‘Woman’s Outlook’, Past Present Future

Rip, Mark, Stick, Create, Multi-Vocal Image Making

On Thursday morning I fly to Riga, Latvia for the first in a series of collaborative workshops with my colleague Jo Darnley. The workshop will take place at the Nordic Summer University under the Winter Symposium, Practicing Communities: Transformative societal strategies of artistic research. This exciting endeavor was brought on by Jo & I’s mutual love of printed material, in particular a desire to understand methods of ‘reading’ printed material and what it might mean to ‘read with others’.

Jo works with The National Cooperative Archive, and researches women’s identity within and through Woman’s Outlook, a magazine produced between 1919 – 1967. It soon became clear that my research into collaboratively produced books (often as a means to create/explore identity) and Jo’s research into a magazine (which explores a particular historical construction of identity and community) could prove an interesting crossover. With Jo’s desire to ‘open up’ the archive through encouraging discussion and interpretation around the magazine and my wish to watch the act of collaboratively producing a book in action, a workshop was born!

Here is an abstract of our workshop proposal:

The reading of images and texts as a mode of transformation connects Jo Darnley’s research into Woman’s Outlook, (WO), (1919 – 1967), a magazine which enables entry into a women only, political, broadly non- party and regional perspective, published by the National Co-operative Publishing Society (Est. 1871) and Gemma Meek’s reading about socially engaged book art (2000 – present day). This collaborative workshop proposal, aims to explore a multi-vocal approach to selecting, responding and transforming imagery from WO magazine.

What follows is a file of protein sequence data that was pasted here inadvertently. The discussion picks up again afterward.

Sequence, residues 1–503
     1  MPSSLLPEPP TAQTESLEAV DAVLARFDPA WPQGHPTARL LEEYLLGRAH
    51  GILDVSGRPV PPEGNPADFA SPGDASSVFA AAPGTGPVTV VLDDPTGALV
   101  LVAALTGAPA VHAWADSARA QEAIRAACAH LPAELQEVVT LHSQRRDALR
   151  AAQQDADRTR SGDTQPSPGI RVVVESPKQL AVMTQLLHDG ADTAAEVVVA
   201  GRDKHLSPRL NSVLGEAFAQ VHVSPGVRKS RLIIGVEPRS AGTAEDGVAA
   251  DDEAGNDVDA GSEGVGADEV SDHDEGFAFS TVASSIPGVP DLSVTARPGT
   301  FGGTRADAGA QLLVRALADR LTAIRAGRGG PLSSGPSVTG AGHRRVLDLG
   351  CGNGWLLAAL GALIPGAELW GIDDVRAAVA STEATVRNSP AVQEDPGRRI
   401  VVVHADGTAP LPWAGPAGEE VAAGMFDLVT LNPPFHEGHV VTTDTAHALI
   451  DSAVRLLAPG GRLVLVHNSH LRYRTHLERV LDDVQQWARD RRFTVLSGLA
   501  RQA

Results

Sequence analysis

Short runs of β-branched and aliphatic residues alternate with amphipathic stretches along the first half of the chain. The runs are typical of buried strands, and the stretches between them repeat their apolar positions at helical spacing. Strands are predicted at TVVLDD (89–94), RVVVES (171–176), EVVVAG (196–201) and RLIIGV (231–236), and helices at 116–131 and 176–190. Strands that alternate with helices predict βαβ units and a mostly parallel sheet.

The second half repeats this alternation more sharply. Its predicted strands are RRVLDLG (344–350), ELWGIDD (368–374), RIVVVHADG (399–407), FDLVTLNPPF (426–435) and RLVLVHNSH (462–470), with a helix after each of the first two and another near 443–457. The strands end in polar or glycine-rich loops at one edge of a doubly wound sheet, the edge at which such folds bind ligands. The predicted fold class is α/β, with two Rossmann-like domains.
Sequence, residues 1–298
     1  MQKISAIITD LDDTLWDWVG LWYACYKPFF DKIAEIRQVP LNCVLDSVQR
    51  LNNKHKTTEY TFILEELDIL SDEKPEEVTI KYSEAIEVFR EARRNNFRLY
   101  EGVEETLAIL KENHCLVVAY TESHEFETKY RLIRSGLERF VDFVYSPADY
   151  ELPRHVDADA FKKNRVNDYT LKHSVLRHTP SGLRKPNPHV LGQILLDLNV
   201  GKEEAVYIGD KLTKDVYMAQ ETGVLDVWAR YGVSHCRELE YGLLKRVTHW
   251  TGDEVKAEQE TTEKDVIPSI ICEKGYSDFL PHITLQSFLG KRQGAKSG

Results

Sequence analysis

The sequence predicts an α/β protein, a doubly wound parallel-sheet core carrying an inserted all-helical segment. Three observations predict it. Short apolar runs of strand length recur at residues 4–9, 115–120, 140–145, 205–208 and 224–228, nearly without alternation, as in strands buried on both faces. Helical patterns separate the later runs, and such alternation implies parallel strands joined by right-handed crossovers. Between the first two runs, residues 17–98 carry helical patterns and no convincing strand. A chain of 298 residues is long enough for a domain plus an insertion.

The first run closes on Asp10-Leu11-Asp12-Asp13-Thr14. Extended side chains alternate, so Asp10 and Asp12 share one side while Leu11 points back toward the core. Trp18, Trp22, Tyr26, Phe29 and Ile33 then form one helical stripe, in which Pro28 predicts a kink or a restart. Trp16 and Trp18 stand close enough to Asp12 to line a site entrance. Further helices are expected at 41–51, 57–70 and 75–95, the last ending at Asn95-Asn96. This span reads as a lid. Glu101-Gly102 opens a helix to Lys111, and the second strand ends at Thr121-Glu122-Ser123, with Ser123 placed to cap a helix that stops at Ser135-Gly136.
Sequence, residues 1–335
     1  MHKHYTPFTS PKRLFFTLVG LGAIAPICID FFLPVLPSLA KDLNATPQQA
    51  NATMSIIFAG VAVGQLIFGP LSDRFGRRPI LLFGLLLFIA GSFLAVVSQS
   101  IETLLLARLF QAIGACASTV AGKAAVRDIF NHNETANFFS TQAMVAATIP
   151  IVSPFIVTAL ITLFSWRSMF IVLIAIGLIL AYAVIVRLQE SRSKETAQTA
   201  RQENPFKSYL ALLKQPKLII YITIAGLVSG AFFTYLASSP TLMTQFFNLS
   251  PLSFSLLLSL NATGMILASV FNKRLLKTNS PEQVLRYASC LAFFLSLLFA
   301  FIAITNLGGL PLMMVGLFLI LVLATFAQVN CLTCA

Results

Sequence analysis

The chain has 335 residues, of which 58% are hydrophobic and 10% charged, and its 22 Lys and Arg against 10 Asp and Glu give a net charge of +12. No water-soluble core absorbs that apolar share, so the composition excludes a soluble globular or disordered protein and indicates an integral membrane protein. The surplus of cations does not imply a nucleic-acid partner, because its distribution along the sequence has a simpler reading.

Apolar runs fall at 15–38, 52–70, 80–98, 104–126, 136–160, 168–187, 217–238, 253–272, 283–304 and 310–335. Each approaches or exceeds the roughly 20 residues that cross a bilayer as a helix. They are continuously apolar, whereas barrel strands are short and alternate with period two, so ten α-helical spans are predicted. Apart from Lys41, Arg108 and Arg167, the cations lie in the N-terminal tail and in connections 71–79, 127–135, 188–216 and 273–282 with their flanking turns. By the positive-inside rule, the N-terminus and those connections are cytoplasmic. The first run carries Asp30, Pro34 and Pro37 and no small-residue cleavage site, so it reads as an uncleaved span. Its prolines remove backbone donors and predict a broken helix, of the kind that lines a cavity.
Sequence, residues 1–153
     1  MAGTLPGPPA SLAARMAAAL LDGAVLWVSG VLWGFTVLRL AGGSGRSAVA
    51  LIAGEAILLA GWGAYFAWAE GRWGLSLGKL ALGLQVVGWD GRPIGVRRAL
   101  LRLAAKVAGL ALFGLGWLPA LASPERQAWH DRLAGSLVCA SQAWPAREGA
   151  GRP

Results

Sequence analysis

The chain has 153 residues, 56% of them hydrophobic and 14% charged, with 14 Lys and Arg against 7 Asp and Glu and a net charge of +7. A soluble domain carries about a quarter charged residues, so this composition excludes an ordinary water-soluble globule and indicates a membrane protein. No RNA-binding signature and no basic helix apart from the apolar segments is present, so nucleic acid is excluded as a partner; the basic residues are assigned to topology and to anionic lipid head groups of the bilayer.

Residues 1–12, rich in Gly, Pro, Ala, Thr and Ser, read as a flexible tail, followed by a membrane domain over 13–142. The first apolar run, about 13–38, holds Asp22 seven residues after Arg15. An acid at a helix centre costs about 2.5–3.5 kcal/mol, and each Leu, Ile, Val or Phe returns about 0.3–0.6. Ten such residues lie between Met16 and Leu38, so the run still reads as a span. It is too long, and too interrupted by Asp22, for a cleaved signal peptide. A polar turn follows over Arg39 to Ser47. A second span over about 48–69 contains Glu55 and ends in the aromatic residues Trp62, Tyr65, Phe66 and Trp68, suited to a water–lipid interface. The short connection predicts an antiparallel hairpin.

Participants will be invited to engage with pages from WO through an open discussion on what themes and imagery speak to individuals. This subjective approach aims to reflect the transformation of imagery through participants’ readings, highlighting both the challenge and freedom that underpin the critical enquiry of the historian. Furthermore, this multi-vocal approach to artistic research can be seen as a move towards transforming society through the fostering of critical and creative everyday reading and awareness. Therefore, challenging the singular voice of the historian through disrupting perceptions and encouraging research communities.

Participants are invited to ‘play’ and investigate, creating a collage page of clippings, drawings and writings. These pages will be collated into a book, as a new space in which to map connections between readings, repositioning the authority of the historian’s voice.

So, off to Riga it is! Watch this space!

Leave a Reply

Your email address will not be published. Required fields are marked *